aileron-elevator-spoilers set up
Operating off small fields I've decided to try spoilers. Problem is my budget electronics is limited to 4-channels. Mode 2 right stick is rudder and elevator, left is throttle for e-power - good so far, but spoilers? How do you set up a spoiler channel? Rig it so moving left stick one way or the other deploys spoilers? Modification of that stick, say removing spring centering, or connecting wires to a toggle switch mounted somewhere on the Tx cas?
Or should I suck it up and get a Tx with more channels?
Considering how cheap the "off brand" systems are now I'd just get the new radio.
Given that there are plenty of 6 ... 8 ch radios out there that are serious budget priced .. can't see the point of mucking about with a 4ch.
For less than $50 shipped - there are 6ch radios which will do the job properly .... for less than $90 shipped there are 8ch sets that put most 'branded' radios to shame ... and give you far more flexibility and capability than 99% of people ever need.
The other fact of course is having a radio that others can use also ... not so much a decider if you can fly already and don't need others help ... but if still learning - then it pays to stay with normal operation style. That way others can help.
Okay, I'll take the dive into a computer radio with numerous channels. When the box arrives I can tell Milady the Pros ordered me to buy it! I hope you folks are handy when my tiny brain starts to hurt while I try to noodle out the various program options:-)
Plug in servos for an airplane... one servo per channel (using the standard R E T A + ch 6 = 2nd aileron) and load the other channels ... then start playing with mixes and see what they do.
Note that JR/Spektrum 1= throttle, 2 = aileron, 3= elevator , Futaba/Hitec 1= aileron, 2= elevator, 3- throttle and Airtronics does something else...
And different brands do servo reverse different... Futaba throttle (actually all channels) is reverse to JR.... and JR vs Futaba one uses + expo and the other use -
So do initial testing without a prop on the motor.
Everyone puts rudder on 4.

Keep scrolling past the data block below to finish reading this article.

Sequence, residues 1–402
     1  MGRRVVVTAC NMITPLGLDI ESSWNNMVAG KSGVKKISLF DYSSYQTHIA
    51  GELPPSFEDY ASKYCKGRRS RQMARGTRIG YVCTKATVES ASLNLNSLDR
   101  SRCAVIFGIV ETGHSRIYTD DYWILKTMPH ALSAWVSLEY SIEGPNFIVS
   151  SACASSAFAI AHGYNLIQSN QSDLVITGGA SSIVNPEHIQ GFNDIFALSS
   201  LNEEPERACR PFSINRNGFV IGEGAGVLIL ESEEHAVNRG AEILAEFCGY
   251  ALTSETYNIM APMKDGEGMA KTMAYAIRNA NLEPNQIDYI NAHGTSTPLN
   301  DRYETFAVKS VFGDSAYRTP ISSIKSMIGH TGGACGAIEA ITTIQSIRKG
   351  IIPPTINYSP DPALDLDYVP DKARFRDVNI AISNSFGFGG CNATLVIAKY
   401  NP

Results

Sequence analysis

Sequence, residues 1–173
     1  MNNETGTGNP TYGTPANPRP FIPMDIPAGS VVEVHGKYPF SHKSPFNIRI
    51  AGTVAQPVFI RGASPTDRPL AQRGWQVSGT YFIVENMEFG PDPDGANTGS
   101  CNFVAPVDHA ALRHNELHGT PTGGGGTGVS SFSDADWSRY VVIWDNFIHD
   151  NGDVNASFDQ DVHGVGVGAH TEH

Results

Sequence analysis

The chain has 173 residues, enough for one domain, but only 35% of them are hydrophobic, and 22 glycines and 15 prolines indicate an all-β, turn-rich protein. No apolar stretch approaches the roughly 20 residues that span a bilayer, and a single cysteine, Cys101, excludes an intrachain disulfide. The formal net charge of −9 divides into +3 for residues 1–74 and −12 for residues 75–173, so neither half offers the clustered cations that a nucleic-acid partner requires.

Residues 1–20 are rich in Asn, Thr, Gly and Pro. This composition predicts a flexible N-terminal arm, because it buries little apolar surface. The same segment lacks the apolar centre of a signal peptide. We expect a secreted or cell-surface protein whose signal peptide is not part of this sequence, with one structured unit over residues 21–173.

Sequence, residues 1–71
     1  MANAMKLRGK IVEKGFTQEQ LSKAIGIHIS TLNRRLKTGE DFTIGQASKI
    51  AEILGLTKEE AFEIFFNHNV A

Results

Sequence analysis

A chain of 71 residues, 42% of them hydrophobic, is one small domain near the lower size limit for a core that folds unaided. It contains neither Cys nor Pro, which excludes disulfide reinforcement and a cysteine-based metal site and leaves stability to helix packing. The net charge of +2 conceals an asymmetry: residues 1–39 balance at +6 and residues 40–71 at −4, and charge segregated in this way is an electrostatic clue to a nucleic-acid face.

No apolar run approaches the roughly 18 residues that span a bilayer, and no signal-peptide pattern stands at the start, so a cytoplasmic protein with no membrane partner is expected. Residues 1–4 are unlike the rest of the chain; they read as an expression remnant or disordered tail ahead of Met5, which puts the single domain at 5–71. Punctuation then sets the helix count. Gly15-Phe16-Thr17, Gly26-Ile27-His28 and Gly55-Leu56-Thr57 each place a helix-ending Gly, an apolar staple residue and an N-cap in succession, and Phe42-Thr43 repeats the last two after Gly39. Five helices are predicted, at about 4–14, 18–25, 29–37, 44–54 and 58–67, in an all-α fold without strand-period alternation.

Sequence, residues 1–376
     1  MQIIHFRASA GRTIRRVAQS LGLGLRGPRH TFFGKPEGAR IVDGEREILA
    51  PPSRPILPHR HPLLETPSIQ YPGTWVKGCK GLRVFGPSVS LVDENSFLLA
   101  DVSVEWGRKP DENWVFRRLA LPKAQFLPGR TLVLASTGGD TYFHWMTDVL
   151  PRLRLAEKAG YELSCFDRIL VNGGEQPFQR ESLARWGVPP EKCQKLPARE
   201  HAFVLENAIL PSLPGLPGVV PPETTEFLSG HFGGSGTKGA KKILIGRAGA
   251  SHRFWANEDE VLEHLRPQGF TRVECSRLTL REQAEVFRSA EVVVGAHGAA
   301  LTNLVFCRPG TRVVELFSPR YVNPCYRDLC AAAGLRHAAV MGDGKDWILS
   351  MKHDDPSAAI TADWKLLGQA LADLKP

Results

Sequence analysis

If the closest you can get on elevons is correct aileron but reversed elevator just swap which servo is in which channel. This has to do with the order the radios apply the mix vs the servo reverse.
Thanks. I'm familiar with Futaba, have one, and first deal with that was I had to reverse the throttle channel to fire up the ESC. Of course before I figured that out I discovered the safety rule = no prop. Lucky me, the inside the house launched plane at WOT missed Milady's nearby plant. My other Tx is RadioLink and is works like the Futaba, probably a Futaba clone, and my budget 7 channel will most likely be RadioLink as well.
I have several small servos that have real long arms apparently for pull-pull systems, so I will use those to get an eyeball on the effect of end point set and expo.
Getting a computer radio is a good idea.
What are you using now?
You might find this helpful.
How to select your first radio
I got a computer radio . . .
AEAJR - yes I did. Tactic 650 which I am now noodling over the setup. my next adventure will be hooking up servos so I can eyeball the result of my twitchy-finger program inputs. Might even try spoilers on one of the 3-position switches, like closed, half open, wide freaking open. Since you are a learned glider pilot, and my experience is limited to A-1 towline, is there any reason to half deploy spoilers?
Found a site in the UK and a tutorial on adding a fifth channel to my Radiolink 4 channel. Such a simple mod if my radio pc board is the same as the one modded in the UK many moons ago.
Half spoilers? Sure! In fact I have my spoilers on the left stick instead of the throttle so I have them totally variable. Thottle moves to a switch. On or off - climb or glide is all I need on the throttle.
But spoilers on a 3 pos switch is just fine. Be sure you set up the spoiler to elevator mix, or perhaps it will be the flap to elevator mix, but put the spoilers on that channel. You don't have to get them straight up. I would go for 30 degrees and 60 degrees and the appropriate amount of elevator compensation for each of those settings.
Spoilers sit on top of the wing, typically near the spar. Spoilers will reduce lift while inducing drag, but their primary value is not as brakes but as lift reducers. This raises the stall speed, the speed at which the wing can no longer produce enough lift to support the aircraft. So the wing will stall at a higher speed. Some rise like barn doors. This is what we typically call spoilers. Some come straight up like a blade. These we often call air brakes.
When spoilers are deployed typically the nose will drop, due to reduced lift, and we compensate with some up elevator to keep the glider from going into a dive. This is best done with the flap to elevator mix or spoiler to elevator mix, depending on which you have on your radio.
The best effect is that the glider remains fairly flat but the sink rate is raised so it comes down more quickly but without gaining a lot of speed.
Here are some resources you may find helpful.
BIRDS, THERMALS AND SOARING FLIGHT
Performance Tuning Gliders
The Simple Pleasure of Soaring
TUNING THE ELEVATOR
> Using Ballast
> Test Flight Procedures
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